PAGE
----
Is Cholesterol Bad For You? Are Saturated Fats Bad For You? Heart Health Myth

I have recently been getting more and more comments from both my dietitian colleagues, and those who have connected to me in this online world, about how intriguing and useful the information being provided is where I attempt to explain and find the middle ground between the Eastern and Western medical practices; So I thought I would break into it yet again today.

I certainly am not the only person out there doing this, but I am more than happy to be a representative from the Western medicine side of the continuum who tries to continue to bridge the gap, as I do find that most people typically sharing this information are from the Eastern side and therefore there is some bias in the assurance of the correctness of the content that is being provided.

In all honesty, I too am constantly trying to paint a clearer picture of this, however I tend to do this quietly in my room with a lot of readings in front of me, and only craft and share my blog posts once the deciphering and clarification in my own mind has been made!

I also like to think that if we take a preventative approach rather than a curative one, than the differences between the Western and the Eastern worlds minimise quite profusely; Particularly with medications and herbs being taken out of the equation (yes I know that was quite simplistic, it certainly wasn’t meant to offend anyone, but they do seem to be two of the greatest differences between the two approaches!).

So since the whole butter vs margarine (and throw in the mix coconut oil) debate has become so topical, I decided the cholesterol, heart health, and how we actually measure risk connection, better have a proper investigation.

Olive oil..monounsaturated fat, I am happy to say these are good for you!

Olive oil..monounsaturated fat, I am happy to say these are good for you!

At uni we were taught, which was also in line with how Western doctors would decide to make a referral for patients to see a dietitian, that when someone has high LDL-cholesterol in a standard blood test, they must be at a higher risk for cardiovascular disease (CVD).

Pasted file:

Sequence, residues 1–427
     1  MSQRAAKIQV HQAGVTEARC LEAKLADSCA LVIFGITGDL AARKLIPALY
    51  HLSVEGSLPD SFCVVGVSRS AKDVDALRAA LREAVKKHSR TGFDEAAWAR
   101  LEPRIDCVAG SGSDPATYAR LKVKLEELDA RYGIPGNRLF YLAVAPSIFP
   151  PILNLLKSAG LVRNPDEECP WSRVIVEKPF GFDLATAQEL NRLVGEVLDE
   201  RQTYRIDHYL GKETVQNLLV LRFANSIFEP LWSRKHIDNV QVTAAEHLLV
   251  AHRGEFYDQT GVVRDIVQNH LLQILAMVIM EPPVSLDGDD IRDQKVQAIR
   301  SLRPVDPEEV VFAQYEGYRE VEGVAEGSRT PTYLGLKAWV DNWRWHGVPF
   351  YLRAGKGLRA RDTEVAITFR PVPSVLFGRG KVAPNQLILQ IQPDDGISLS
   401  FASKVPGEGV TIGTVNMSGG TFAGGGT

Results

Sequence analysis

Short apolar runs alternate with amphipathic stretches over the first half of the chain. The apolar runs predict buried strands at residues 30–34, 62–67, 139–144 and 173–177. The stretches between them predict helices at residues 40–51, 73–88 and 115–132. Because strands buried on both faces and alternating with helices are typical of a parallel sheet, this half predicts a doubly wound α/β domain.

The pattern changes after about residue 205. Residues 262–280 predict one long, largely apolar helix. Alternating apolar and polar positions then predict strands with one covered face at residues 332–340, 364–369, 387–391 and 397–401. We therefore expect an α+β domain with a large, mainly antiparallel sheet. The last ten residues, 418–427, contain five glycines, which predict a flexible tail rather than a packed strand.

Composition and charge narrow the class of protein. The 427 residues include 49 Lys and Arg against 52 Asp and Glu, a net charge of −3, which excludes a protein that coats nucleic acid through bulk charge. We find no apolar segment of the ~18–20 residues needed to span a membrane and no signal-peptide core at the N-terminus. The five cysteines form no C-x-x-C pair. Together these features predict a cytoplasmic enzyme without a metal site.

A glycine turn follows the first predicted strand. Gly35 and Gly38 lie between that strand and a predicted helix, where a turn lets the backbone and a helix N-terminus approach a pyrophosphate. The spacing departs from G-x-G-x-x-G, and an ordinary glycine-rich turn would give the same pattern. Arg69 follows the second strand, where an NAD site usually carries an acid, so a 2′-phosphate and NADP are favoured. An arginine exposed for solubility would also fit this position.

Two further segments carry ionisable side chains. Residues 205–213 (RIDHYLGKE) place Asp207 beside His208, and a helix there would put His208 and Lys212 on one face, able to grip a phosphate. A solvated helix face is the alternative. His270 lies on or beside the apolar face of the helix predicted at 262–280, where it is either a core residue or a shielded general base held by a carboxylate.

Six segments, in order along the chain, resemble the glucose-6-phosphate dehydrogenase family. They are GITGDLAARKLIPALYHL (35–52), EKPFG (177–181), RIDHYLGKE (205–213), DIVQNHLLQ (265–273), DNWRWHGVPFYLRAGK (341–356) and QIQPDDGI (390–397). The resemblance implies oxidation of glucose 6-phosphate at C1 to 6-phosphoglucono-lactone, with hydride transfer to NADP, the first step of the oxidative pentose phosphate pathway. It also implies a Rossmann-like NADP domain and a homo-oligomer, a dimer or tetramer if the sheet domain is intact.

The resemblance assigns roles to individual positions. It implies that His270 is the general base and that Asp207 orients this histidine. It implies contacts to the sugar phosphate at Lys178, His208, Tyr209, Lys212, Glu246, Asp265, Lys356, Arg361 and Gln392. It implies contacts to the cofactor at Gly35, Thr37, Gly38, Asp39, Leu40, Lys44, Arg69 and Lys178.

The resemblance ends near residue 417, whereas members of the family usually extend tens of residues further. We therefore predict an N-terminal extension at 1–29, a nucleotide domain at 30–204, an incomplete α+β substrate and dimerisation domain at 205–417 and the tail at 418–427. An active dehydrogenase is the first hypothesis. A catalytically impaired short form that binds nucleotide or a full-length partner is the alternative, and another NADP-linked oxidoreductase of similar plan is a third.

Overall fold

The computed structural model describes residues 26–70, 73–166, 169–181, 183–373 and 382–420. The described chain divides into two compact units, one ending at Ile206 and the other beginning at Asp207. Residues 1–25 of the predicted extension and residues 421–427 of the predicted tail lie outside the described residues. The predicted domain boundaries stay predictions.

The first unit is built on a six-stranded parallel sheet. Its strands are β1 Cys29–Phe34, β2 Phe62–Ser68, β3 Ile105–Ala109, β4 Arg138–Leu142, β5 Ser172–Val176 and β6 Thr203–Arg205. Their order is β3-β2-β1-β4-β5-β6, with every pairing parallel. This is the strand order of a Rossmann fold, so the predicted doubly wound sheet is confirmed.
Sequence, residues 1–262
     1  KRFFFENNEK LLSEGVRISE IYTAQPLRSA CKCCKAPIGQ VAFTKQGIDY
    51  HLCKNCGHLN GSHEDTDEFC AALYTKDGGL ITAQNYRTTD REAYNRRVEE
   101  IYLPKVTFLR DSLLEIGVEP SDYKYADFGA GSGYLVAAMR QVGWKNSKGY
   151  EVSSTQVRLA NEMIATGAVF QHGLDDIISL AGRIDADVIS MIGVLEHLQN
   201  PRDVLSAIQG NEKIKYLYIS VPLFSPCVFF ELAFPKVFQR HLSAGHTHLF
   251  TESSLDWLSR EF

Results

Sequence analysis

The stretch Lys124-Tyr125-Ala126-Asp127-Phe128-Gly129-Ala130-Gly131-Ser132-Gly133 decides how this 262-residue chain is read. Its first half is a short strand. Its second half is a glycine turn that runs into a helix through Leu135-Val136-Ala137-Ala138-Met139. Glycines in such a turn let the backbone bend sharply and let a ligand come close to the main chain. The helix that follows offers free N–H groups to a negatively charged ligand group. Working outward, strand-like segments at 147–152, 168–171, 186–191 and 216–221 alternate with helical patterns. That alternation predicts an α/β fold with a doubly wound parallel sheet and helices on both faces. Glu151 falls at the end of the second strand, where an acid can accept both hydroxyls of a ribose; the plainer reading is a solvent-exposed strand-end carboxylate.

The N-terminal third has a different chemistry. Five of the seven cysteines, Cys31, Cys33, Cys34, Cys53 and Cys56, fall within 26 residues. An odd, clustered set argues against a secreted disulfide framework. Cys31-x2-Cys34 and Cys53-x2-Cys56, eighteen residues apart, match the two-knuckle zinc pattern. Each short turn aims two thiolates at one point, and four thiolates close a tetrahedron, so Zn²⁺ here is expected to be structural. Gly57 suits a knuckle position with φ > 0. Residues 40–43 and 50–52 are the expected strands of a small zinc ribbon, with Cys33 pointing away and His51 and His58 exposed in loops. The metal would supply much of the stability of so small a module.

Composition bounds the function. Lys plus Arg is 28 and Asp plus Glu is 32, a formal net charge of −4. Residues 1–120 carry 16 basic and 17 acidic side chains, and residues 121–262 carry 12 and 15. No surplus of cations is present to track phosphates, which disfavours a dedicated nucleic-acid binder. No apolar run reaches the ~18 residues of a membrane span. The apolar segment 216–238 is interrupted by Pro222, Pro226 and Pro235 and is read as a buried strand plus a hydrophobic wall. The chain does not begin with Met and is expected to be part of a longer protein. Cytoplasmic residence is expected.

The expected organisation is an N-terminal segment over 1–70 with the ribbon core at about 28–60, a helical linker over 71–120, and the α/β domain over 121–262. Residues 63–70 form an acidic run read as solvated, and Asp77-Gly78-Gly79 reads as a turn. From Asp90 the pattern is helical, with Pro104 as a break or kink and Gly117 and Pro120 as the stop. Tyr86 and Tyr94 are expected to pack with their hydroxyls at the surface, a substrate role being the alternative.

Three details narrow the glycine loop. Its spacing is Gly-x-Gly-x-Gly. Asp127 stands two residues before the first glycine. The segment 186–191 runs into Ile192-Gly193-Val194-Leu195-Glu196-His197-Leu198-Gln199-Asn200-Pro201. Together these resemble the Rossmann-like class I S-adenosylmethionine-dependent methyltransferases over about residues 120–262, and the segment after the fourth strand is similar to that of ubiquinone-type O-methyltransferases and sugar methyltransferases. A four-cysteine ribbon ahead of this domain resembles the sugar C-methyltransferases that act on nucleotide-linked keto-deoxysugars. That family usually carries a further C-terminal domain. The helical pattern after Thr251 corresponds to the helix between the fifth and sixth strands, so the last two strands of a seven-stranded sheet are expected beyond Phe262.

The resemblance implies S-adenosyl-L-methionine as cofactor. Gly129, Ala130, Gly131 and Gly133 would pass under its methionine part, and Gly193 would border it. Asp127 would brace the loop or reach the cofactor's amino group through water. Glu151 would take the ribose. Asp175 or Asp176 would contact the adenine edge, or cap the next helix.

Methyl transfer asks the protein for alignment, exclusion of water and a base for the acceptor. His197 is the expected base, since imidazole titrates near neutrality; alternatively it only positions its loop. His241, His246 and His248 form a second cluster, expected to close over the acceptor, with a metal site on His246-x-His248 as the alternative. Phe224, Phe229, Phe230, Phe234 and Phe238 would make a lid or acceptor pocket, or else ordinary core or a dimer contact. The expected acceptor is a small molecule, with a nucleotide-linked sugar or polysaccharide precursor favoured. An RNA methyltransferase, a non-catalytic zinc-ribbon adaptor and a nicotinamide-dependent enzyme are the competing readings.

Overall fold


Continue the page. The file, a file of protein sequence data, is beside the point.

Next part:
Now, just to clarify, I am the one who always likes to play it safe with dietary advice or analysis, meaning, I would suggest to continue to look at LDL-cholesterol until (or if ever) this is proven to be invaluable in a mainstream sense; However I am also open to looking at some of the other potential measurements that we should be looking out for which seem to also be able to show peoples true health risks.

So I have done some research and a few of the key factors that have continually come up and I felt were worth sharing were:

1. Triglyceride : HDL ratio is an independent risk factor for CVD and is definitely worth looking into (not just total cholesterol : HDL). The dietary factors that seem to raise triglycerides are refined carbohydrates / high glycemic index carbohydrates, as well as alcohol (and this is the part of the equation that you want to bring down). Check out this study’s abstract as an example or here for a full article shared by the American Heart Association.

Alcohol, associated with raised triglycerides.

Alcohol, associated with raised triglycerides.

2. There are different types of LDL, and by measuring the sub-fractions, rather than just the total LDL-cholesterol, we are able to get a greater idea of whether the LDL that is present is actually the type that increases ones risk of CVD, or whether it is the benign form. From my understanding, the more dangerous sub-fraction seems to increase as triglycerides go up (linking back again to the refined carbohydrates in the diet). Here is a test that is available in Australia for this type of assessment. Here is the abstract for an article that looks at the importance of measuring LDL-number and size, rather than just total LDL- cholesterol (which is what is routinely checked by doctors).

The refined carbohydrates mixed with the fats are not a good combination for your heart health.

The refined carbohydrates mixed with the fats are not a good combination for your heart health.